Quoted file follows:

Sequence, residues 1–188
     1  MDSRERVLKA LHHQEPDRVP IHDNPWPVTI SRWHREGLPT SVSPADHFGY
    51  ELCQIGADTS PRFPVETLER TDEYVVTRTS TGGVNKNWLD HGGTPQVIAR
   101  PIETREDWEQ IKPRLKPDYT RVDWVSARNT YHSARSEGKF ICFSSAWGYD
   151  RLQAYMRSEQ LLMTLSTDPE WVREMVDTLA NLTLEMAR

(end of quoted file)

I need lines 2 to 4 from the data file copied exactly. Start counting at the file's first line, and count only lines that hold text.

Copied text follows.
     1  MDSRERVLKA LHHQEPDRVP IHDNPWPVTI SRWHREGLPT SVSPADHFGY
    51  ELCQIGADTS PRFPVETLER TDEYVVTRTS TGGVNKNWLD HGGTPQVIAR
   101  PIETREDWEQ IKPRLKPDYT RVDWVSARNT YHSARSEGKF ICFSSAWGYD